A little hamlet in Kagoshima Prefecture with a population of just 372 people has been taken by surprise after a sudden rise in interest about its immigration program.

The village of Mishima, composed of the small islands of Takeshima, Iojima and Kuroshima, has been trying to lure people to move there by offering the choice of a calf or a ¥500,000 lump sum, plus another ¥100,000 to help with moving expenses.

The generous offer — which is temporarily on hold while officials rethink the conditions — includes monthly grants for the first three years of residence, ranging from ¥85,000 a month for a single person to ¥100,000 for married couples. Also on offer are three-bedroom houses for rent at low prices, and subsidies for child delivery.

The only condition is age: the head of a household must be 55 or younger. The offer does not specify whether the applicant has to be a Japanese national.

The program was introduced in 1990 to lure newcomers to help revive the village, which is accessible only by a ferry that comes but three times a week.

Despite the generous package, no one has taken up the village’s offer, and the population — which used to be around 1,000 — has gradually fallen to the 372 people living there today.

In late April, however, the program suddenly went viral on the Internet.

Of all the emails the village received in the two-week period between the end of April and mid-May, 90 percent came from Serbians, Croatians and Brazilians, a local official said Monday, adding that the village office has also received more than a dozen phone calls from foreigners.

The official said that eventually, for various reasons, the village decided not to accept any of the applicants. Most who applied gave up on their plans to relocate after they were discouraged by the reality of the situation, or had only been looking for an easy escape from the pressure of daily life.

“People are not aware that life here is not as simple as they imagined,” he said, adding that the language barrier may lead to problems of communication.

“It’s a small village. There is no hospital and finding a job here is not a piece of cake,” he said, adding that most people seemed discouraged after learning about the hurdles they might face.

“People here can take advantage of the bountiful nature, fresh air and beautiful landscapes, and it’s a good place to live a quiet life,” the official said, describing the more appealing aspects of starting a new life there.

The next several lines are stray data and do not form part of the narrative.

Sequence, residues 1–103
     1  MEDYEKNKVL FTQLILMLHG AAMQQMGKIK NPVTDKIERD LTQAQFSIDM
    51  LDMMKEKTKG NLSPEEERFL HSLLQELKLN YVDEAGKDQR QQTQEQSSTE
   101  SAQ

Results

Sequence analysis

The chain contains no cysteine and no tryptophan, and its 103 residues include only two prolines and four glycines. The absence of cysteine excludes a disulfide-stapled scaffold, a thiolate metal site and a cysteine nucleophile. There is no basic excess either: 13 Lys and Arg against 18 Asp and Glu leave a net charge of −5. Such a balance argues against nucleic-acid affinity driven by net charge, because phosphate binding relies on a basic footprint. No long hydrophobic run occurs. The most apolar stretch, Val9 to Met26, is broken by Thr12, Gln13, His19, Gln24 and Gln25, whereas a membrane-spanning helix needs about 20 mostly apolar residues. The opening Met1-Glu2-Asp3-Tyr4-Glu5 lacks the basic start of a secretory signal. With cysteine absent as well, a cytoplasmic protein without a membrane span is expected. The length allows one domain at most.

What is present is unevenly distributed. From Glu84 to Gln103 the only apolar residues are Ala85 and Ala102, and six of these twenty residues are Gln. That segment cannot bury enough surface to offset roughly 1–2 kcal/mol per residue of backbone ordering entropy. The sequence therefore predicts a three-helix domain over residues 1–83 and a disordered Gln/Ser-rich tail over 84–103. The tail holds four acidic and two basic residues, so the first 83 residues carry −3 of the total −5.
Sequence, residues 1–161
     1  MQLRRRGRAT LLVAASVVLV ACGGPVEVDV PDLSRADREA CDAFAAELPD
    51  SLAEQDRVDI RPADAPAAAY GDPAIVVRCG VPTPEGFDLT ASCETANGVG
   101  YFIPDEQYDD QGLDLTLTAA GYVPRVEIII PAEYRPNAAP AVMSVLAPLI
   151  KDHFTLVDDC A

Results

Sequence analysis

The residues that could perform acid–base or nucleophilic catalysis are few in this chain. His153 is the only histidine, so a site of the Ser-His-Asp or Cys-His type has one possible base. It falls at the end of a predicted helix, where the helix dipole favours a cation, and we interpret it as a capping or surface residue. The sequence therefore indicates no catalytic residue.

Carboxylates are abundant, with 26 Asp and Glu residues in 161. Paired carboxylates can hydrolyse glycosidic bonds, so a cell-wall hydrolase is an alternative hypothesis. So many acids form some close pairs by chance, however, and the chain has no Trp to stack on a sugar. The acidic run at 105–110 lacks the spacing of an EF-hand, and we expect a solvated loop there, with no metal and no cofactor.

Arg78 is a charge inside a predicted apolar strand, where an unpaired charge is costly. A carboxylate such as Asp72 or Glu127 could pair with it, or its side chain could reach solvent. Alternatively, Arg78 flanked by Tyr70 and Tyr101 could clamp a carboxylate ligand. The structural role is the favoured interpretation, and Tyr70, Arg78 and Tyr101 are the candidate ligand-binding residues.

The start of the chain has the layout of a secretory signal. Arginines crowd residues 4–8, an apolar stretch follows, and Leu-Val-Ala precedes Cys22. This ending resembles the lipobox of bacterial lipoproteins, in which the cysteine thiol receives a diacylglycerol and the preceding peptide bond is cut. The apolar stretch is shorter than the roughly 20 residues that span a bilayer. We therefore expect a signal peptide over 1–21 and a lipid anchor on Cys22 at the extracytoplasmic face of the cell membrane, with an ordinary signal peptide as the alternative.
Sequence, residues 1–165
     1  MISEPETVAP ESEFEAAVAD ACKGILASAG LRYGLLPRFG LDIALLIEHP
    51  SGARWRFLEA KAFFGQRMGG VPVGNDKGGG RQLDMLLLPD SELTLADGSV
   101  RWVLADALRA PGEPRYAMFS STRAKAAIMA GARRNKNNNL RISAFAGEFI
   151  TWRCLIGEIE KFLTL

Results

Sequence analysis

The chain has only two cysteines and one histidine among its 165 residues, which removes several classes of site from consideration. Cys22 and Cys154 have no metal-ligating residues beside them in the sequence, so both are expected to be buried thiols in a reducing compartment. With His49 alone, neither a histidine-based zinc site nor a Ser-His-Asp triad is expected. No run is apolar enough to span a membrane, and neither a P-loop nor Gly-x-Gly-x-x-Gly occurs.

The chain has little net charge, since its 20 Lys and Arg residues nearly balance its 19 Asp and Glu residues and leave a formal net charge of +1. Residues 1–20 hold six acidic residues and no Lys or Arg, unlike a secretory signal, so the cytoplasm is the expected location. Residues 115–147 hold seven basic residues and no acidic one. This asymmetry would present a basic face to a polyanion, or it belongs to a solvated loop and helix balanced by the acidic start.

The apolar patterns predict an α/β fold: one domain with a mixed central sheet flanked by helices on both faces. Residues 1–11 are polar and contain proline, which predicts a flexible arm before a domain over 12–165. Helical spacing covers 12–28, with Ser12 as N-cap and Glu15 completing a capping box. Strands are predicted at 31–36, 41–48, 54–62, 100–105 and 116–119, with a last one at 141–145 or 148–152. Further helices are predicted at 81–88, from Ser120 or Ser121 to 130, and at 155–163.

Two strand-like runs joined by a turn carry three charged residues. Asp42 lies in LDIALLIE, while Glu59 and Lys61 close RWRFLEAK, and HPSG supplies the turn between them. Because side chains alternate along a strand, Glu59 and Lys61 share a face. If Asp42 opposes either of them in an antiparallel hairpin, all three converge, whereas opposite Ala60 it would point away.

“When we failed to attract any newcomers after decades, we decided to raise the amount to be granted to those willing to move here, in June 2013,” he said, adding that he was surprised to see the information spread rapidly online.

Officials at the Serbian Embassy in Tokyo were also taken aback.

“We were also very surprised at this kind of interest from Serbia, especially for Kagoshima,” said Nemanja Grbic, chief of the press and culture section. “I didn’t even know people in Serbia knew about Kagoshima, to be honest.”

While most of the inquiries reportedly went through the Japanese Embassy in Serbia, Grbic said the Serbian Embassy in Tokyo also received one email from a Serbian seeking detailed information about the offer.

“As a country that you would consider to go and live or to emigrate, I think that Japan in that sense is not that popular, because it’s far away, it’s a different language, it’s hard to get a visa, it’s hard to get a job if you don’t speak Japanese,” Grbic said.

As a representative of the Serbian community in Japan, where about 200 Serbians live, Grbic said that while Japan remains a popular tourist destination, he has the impression that the majority of his countrymen, including those who showed an interest in the offer, may lack even basic knowledge about Kagoshima or Japan.

The village says it wants to receive applications only from people seriously interested.

“It may be a good opportunity for those who were born here and know the region and are willing to return to contribute to the local community,” the Mishima official said.

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